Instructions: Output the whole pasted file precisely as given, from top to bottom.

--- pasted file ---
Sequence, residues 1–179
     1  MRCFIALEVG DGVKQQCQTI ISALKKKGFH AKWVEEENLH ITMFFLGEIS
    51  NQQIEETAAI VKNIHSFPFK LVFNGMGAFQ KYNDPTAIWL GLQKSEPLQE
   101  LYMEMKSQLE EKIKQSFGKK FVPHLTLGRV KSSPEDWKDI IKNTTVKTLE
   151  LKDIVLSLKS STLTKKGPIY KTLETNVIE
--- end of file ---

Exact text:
Sequence, residues 1–179
     1  MRCFIALEVG DGVKQQCQTI ISALKKKGFH AKWVEEENLH ITMFFLGEIS
    51  NQQIEETAAI VKNIHSFPFK LVFNGMGAFQ KYNDPTAIWL GLQKSEPLQE
   101  LYMEMKSQLE EKIKQSFGKK FVPHLTLGRV KSSPEDWKDI IKNTTVKTLE
   151  LKDIVLSLKS STLTKKGPIY KTLETNVIE